Monday, January 2, 2017

Blogging for literary citizenship: An interview with Michael Czyzniejewski



I’m two days in to a blog project that has me writing a review of a poetry collection each day, but I’ve got nothing on my partner, fiction writer Michael Czyzniejewski, who spent the 366 days of 2016 writing daily reviews of fiction collections—an even more ambitious task.

I was impressed to see Czyzniejewski complete his task every day without fail, no matter what was going on in his life or who might be telling him, “You know, I really despise that damn blog.”

I recently (as in, today, right now, from the back seat of the car) had a chance to interview Czyzniejewski as he drove to Chicago in his typical style—stingy with bathroom stops, his hand resting on the seat back beside him and blocking my view. We were between public radio stations and I’d already read us some Emerson out loud, so I needed a distraction. I began (a few moments in the future from right now) to ask him some questions.

Me: What was your favorite aspect of the Story366 project?

MC: Oh, reading all the books—consuming all those voices, all those aesthetics, all those different perspectives, but mostly it was getting to read. Reading is the pleasure in itself, and that’s what I got to do the whole time, was just read good books.

Me: Were there any downsides? Like, did you miss having fun with your beautiful family?

MC: Even reading 366 collections, I put only a small dent in the number of collections I wanted to read. I still have a hundred collections at my house that I haven’t covered yet. Also, I made a rule that I couldn’t do a book that I’d read before, and I had to exclude a lot of my closest friends because I’d already read their books—people like Seth Fried, Al Heathcock. Aimee Bender, Karen Russell, Shannon Cain—it seems like they should be in the project, but they’re not, because I’d read their books, and I’d made the stupid rule.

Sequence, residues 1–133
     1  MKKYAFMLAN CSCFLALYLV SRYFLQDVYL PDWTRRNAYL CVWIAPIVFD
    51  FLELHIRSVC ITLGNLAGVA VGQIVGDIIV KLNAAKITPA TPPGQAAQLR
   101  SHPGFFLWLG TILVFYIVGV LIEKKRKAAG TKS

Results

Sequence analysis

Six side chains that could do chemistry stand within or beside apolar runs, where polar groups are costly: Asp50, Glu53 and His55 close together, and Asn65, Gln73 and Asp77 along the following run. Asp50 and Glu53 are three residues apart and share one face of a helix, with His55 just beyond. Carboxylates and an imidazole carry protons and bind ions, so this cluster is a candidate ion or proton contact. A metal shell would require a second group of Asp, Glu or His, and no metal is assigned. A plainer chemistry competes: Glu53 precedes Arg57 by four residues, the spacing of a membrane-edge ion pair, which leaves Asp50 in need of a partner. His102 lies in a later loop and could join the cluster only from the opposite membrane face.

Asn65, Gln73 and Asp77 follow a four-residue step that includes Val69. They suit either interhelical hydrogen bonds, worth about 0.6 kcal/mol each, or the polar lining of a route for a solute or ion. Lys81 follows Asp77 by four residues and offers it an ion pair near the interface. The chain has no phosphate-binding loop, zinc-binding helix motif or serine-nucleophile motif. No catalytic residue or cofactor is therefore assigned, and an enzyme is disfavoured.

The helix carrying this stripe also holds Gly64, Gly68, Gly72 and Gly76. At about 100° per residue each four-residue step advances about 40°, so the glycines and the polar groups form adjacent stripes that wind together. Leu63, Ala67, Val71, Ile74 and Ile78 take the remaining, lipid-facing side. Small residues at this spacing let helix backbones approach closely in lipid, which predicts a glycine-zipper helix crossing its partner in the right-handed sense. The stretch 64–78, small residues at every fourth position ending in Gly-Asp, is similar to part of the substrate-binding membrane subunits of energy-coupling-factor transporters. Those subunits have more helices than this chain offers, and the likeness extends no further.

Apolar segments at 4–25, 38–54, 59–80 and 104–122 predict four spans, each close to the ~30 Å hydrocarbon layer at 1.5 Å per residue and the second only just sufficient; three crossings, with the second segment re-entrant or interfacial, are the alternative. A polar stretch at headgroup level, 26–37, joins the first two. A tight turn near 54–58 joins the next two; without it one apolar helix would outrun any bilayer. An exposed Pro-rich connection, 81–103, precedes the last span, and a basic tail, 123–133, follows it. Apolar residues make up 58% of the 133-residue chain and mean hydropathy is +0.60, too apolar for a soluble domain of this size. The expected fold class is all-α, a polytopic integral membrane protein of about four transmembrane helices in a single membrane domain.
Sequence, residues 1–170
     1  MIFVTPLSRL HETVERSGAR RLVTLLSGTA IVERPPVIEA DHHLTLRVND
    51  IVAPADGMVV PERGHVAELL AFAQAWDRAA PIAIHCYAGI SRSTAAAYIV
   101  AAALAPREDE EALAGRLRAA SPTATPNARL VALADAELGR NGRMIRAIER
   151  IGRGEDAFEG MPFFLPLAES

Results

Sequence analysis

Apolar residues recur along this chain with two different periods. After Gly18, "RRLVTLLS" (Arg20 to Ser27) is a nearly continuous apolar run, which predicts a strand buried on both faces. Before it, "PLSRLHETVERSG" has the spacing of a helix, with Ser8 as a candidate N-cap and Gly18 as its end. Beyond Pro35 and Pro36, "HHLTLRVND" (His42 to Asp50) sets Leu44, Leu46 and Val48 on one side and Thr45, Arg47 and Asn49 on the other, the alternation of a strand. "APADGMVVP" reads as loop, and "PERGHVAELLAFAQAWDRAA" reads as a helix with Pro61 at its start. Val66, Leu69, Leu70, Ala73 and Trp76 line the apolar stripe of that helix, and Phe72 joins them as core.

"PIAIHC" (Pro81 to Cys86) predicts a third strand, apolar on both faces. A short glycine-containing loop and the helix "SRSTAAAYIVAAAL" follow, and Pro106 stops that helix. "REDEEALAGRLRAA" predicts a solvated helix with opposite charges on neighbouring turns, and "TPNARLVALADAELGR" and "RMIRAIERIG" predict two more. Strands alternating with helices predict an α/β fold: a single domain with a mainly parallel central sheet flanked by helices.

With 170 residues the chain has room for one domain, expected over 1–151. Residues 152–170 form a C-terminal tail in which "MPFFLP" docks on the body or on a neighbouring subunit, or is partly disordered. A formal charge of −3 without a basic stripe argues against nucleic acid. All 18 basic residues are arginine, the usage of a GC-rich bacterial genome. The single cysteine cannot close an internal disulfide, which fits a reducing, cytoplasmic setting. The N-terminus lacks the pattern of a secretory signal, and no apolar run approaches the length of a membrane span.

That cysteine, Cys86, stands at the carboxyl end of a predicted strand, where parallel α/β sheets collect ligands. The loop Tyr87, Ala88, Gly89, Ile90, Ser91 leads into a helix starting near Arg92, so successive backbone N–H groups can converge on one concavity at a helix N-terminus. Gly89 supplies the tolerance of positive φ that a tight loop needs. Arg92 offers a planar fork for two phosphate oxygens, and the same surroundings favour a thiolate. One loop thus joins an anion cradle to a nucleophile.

Me: What about your beautiful family?

MC: What about them?

Me: Didn’t it take you away from them a whole bunch and make you feel crummy?

MC: Not only did the project take me away from my family, but with a deadline pressing, it affected my mood. I was stressed sometimes. But I think that’s how it is with any pursuit that you carry through. When you have pursuits like that, some kind of regimen, it has the potential to cause stress in your life.

Me: What is your chief writerly takeaway? And why are your windshield wipers still on?

MC: Because it was rainy and foggy. Wait, is that going on the blog?

Me: Yeah.

MC: I think I understand now more than ever that different writers do different things well. Writers find their voice and they do something really, really well, and they write a book and that book is published, and some of those ways of writing books I can’t do and I never will do—and that’s OK. I’m never going to be the same writer Lee Smith is, or David Gates, or Junot Diaz; they’re all really talented, and they have an aesthetic that’s completely different from mine, but I’ve come to admire them for that, and to respect the difference, more than I ever had before. Alice Munro’s probably the best example of that.

Me: Don’t you think you should turn on your headlights? It’s pretty drizzly.

MC: My headlights have been on this whole time. How about if I take care of the driving and you do backseat things.

Me: How about if you move your arm?

Also me: What writer most rewarded your close investigation?

MC: Oh, wow—one writer?

Me: You can give me a few.

MC: People who I’d never read before—Amber Dermont. I’d never read her before and I absolutely loved everything she wrote. I loved Katie Chase’s book. John Jodzio. Shane Hinton is somebody I liked a lot. Tara Ison.

Me: Who had you read some but didn’t really get until you encountered them within the confines of the project?